Kudos to those of us who suffer from dystonia and have persevered in their playing. I've been deterred/discouraged in my own playing from far less. I don't have much advice to offer, as others' input seems much more informed than anything I could say, but I offer my encouragement. In my journey with traditional grip, I've found patience to be important. Someone linked a Rob Brown video in this thread, and if I remember correctly, it took him well over a year to feel competent with traditional grip, and adopting a journey vs. destination mindset has been helpful for me.
Since this thread is the only active traditional grip discussion, I hope you'll humor a point about traditional vs. matched (and I don't mean to be adversarial). We all know why and how trad. grip came about, but I think to end discussion of its relevance there misses the important point that traditional grip players mainly developed the drumset as an instrument (I'm no drum historian, so I'll be happy to be corrected). If this is true, then matched grip should be considered an adaptation to playing the drumset, as it was meant to be played with the traditional grip. Thoughts?
Eh, I wouldn't say the drumset was "meant" to be played with traditional grip. Traditional grip is just what people played, and as time went on it became less common because the drums weren't sitting at the extreme angle anymore.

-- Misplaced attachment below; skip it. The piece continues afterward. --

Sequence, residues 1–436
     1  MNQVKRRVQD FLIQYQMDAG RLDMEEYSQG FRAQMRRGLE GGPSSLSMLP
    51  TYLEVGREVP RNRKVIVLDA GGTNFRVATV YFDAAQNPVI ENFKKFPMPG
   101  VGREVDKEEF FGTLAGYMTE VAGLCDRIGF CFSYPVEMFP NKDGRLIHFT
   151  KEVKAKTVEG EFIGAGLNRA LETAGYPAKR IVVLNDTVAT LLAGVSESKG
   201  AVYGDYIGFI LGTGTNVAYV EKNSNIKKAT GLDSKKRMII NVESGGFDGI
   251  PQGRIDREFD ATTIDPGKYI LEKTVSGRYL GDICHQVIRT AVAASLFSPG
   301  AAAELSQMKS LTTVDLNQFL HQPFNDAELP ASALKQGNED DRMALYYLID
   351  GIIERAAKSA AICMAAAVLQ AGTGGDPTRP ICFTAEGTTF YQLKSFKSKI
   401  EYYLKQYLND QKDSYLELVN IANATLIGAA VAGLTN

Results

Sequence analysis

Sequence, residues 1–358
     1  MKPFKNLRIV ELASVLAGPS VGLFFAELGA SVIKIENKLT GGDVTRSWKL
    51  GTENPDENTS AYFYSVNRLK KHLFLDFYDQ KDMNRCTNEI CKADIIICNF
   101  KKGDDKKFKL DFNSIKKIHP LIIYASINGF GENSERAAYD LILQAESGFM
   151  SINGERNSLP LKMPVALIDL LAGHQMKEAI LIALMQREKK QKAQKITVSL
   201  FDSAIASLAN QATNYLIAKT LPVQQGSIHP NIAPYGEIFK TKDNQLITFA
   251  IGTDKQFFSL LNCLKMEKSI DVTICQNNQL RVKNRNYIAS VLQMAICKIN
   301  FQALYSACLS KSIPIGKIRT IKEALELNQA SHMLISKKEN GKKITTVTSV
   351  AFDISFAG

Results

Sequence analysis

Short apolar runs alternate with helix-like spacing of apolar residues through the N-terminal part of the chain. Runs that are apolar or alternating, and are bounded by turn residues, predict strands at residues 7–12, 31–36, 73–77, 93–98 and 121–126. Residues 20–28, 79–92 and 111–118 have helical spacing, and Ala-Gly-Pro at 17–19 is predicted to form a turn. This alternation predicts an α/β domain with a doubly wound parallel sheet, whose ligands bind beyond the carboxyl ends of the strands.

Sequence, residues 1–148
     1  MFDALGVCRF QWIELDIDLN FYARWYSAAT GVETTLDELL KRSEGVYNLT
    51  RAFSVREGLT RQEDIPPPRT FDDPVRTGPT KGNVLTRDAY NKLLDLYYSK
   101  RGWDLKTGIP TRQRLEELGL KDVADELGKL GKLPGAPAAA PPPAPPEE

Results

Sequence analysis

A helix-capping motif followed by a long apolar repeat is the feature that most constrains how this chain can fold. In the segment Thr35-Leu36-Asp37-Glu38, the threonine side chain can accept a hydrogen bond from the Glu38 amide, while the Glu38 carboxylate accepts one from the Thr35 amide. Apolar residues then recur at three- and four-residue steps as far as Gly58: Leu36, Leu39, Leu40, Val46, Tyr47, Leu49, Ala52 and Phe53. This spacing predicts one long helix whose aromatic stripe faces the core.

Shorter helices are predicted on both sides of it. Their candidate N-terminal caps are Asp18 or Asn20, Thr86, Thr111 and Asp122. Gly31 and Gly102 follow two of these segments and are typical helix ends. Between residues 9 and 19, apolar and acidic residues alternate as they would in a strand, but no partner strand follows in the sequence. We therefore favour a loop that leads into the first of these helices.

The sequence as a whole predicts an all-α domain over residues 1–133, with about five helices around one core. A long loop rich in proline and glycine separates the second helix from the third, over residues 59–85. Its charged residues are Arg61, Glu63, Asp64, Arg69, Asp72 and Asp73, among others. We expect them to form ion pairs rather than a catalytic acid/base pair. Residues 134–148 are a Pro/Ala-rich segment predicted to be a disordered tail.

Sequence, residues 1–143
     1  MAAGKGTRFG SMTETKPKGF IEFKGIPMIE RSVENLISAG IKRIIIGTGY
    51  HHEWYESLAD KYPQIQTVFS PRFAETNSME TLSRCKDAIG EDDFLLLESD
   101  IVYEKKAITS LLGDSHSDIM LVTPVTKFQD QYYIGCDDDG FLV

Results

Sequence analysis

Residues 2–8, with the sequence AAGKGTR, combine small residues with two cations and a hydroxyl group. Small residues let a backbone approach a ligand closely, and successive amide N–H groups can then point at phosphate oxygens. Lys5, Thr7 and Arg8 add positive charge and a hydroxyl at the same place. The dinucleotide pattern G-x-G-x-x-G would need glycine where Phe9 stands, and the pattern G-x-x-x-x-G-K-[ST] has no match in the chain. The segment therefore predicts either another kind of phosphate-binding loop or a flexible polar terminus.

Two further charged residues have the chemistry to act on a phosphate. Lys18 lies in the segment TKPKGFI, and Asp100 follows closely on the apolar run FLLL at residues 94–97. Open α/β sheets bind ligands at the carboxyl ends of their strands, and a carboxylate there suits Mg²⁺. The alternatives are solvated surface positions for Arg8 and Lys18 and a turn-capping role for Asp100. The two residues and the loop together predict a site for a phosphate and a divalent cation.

In my own little journey here, I've had to try and compromise for best results sooner - I'm having to forego the trad grip journey (again) as the lack of middle finger mobility is hijacking my ability to relax again. After a lot of fiddling around I've found I'm getting the most relaxed feeling from played a very flat German style grip and using the middle finger as the primary fulcrum. I'm still going to persevere with trying to develop a French-style grip (which is what my original intention was to start with), but I need to work on the finger mobility before I can do that.
In my experiments with working out my issue, I've pretty much narrowed things down to a couple of stretches that focus on stretching the forearm; and holding my pinky and index fingers down with my thumb whilst stretching, or attempting to straighten my middle + ring fingers.
It's looking to me like when I can finally hold a 'peace' sign with my left hand with my middle finger positioned in the same way as the index finger, that's when I'll probably have enough mobility to really fix my technique. Hopefully it won't take too long to fix 20+ years of poor neural training